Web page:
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3 Gold Stocks to Buy on Inflation Concerns

Investors in the past several months have become increasingly worried about inflation. That is a real threat to equity prices, as well as the purchasing…

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This article was originally published by Investor Place

Investors in the past several months have become increasingly worried about inflation. That is a real threat to equity prices, as well as the purchasing power of dollars. However, that doesn’t mean investors have no way to benefit. Commodities tend to perform well on an absolute and relative basis during periods of higher inflation, and in this article, we’ll take a look at the case for gold stocks.

We’ll first examine the recent spike in inflation, what that could mean for gold stocks, and three examples of gold stocks we like today.

Inflation, as measured by the Bureau of Labor Statistics, has been on the march higher for all of 2021. The combination of pent-up demand from 2020’s recession, as well as continued shortages in raw materials, labor at factories to produce goods, freight and trucking shortages, and the like, have combined to produce rapidly increasing prices for a wide variety of goods. Energy has been hit with some of the same factors, and as a result, oil and gas prices are much higher than they were a year ago.

All of this means that, all else equal, a dollar has less purchasing power than it did a year ago, and that is generally good for commodities. Within the commodities group, precious metals tend to see not only rising prices from inflation, but additional demand from the safe-haven trade given gold and silver are seen as stores of value.

In short, this means that investor demand for gold in particular tends to rise during inflationary periods as a hedge against rising prices.

The price of gold and other precious metals is denominated in U.S. dollars, so if the U.S. is experiencing inflation, it takes more dollars to buy the same amount of gold. In other words, the price of the asset rises.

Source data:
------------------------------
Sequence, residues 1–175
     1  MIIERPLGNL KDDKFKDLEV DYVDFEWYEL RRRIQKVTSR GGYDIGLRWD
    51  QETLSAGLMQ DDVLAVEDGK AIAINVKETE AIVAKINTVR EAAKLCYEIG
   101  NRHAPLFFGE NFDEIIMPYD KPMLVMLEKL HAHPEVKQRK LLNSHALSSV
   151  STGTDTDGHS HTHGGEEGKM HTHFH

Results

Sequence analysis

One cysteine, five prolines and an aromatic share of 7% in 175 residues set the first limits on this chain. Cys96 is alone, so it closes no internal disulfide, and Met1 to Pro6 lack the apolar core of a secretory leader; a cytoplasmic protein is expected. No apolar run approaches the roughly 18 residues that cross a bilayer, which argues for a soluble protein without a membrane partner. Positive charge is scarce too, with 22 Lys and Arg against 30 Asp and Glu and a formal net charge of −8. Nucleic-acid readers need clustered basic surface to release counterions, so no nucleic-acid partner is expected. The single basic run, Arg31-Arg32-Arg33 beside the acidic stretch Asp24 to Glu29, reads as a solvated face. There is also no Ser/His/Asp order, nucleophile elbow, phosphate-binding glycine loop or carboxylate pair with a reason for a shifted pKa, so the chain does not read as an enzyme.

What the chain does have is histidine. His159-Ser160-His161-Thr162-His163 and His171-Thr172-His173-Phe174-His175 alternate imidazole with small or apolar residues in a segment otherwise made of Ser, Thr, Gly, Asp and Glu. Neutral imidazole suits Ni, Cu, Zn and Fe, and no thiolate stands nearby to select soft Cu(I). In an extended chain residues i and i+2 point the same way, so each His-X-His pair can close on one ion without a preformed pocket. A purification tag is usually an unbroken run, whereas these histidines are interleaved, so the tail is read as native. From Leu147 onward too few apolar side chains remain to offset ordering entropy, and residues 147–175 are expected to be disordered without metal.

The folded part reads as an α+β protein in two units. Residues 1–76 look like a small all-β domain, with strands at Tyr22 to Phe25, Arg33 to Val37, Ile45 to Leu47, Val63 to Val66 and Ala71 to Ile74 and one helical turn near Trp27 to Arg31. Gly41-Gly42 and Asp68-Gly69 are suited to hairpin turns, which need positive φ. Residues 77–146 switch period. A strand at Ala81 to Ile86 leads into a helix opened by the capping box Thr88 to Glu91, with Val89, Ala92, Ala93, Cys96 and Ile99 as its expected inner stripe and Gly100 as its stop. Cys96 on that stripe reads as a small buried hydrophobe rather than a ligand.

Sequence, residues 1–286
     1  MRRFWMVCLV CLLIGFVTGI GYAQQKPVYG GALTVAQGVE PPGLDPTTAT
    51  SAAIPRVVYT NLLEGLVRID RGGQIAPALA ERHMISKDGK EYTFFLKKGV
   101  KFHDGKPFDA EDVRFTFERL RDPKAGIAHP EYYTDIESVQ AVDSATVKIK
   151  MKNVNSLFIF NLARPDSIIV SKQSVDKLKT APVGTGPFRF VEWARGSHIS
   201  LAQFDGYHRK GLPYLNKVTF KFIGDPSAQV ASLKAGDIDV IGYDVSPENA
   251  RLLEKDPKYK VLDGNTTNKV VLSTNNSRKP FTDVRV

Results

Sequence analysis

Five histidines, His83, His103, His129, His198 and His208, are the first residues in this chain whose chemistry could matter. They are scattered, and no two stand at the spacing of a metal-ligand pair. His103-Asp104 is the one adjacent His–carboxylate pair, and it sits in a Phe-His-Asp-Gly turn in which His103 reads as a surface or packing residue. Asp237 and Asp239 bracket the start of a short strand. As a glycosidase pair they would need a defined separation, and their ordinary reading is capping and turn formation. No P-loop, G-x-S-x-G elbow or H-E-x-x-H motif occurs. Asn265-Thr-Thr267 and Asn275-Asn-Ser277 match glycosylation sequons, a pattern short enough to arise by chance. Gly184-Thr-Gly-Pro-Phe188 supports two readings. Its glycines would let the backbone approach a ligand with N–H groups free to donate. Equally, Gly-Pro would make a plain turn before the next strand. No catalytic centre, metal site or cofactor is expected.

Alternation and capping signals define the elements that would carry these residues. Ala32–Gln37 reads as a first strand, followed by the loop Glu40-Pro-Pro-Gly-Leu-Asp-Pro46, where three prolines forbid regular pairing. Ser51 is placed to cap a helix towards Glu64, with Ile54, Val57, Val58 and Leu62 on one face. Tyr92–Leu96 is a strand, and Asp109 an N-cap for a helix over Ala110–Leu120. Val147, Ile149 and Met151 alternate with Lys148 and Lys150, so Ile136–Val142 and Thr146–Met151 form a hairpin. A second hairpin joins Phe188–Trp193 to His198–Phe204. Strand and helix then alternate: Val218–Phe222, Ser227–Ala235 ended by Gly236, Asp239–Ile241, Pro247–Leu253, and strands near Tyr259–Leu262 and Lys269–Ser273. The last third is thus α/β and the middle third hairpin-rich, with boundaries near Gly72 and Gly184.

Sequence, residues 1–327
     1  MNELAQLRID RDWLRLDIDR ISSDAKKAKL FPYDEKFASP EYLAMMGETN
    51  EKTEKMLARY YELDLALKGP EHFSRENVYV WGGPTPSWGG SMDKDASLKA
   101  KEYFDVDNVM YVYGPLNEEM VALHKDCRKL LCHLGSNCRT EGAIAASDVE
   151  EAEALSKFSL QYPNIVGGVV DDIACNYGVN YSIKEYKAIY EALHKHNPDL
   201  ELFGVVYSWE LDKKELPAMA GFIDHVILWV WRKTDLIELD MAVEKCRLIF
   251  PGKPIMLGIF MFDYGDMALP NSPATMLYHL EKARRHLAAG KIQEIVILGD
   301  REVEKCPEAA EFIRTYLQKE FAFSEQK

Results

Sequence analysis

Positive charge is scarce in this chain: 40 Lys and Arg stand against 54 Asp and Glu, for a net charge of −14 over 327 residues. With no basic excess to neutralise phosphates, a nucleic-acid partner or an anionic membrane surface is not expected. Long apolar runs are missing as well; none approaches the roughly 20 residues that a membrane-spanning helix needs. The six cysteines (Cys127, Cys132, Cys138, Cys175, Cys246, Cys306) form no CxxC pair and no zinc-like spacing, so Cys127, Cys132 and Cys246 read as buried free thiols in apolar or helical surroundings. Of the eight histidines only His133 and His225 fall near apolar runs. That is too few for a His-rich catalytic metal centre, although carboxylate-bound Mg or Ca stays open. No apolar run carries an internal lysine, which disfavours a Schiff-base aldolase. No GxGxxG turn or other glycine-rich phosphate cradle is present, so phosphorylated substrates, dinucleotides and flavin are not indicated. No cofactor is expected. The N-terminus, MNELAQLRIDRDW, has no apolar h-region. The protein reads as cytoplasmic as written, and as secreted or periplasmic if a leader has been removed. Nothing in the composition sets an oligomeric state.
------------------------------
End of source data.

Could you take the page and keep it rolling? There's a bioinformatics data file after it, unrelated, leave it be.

Here are three gold stocks we think are well positioned for this to play out:

  • Royal Gold (NASDAQ:RGLD)
  • Gold Resource Corp. (NYSEAMERICAN:GORO)
  • Franco-Nevada Corp. (NYSE:FNV)

Gold Stocks: Royal Gold (RGLD)

Source: aerogondo2/ShutterStock.com

Our first stock is Royal Gold, a company that acquires and manages precious metal streams and royalties. Instead of mining physical gold from the ground itself, Royal Gold acquires the rights to the royalties from mines that other companies are physically developing. It primarily generates revenue from gold, silver, copper, nickel, zinc, lead and cobalt.

The company owns interests in almost 200 projects around the world. Royal Gold was founded in 1981, generates about $700 million in annual revenue, and trades with a market capitalization of $7 billion.

We like Royal Gold because it has shown tremendous earnings growth in the past few years, averaging better than 9% annually in the past decade. In the last five years, that number is a staggering 29% off what was a very low base set while metals pricing was relatively low.

Royal Gold benefits tremendously from higher precious metals pricing given its costs are largely fixed. Since it is not mining the metal itself, its right to acquire royalty is already priced up front, so higher prices on the back end when it is time to sell generates additional profit margin. The company has seen strong organic growth due to this operating leverage, and it has been busy acquiring new projects as well. We see 4.5% annual growth going forward from this year’s high base, and we see the company’s impressive 20-year dividend increase streak continuing indefinitely.

Gold Resource Corp. (GORO)

A gold bar along with some coins made of precious metals. gold stocksSource: allstars / Shutterstock.com

Next up is Gold Resource Corp., a company that explores for, develops, produces and sells gold and silver in Mexico and the U.S. To a lesser extent, the company also generates revenue from copper, lead and zinc. Gold Resource’s primary project is Aguila, which has 18 mining concessions in Oaxaca, Mexico.

Gold Resource was founded in 1998, generates about $120 million in annual revenue, and trades with a market capitalization of $170 million.

Gold Resource recently spun off its mining unit in Nevada, and is consequently solely focused on its operation in Oaxaca. Unfortunately, Gold Resource’s track record isn’t very strong, as it has seen earnings and indeed the share price fall sharply in the past decade.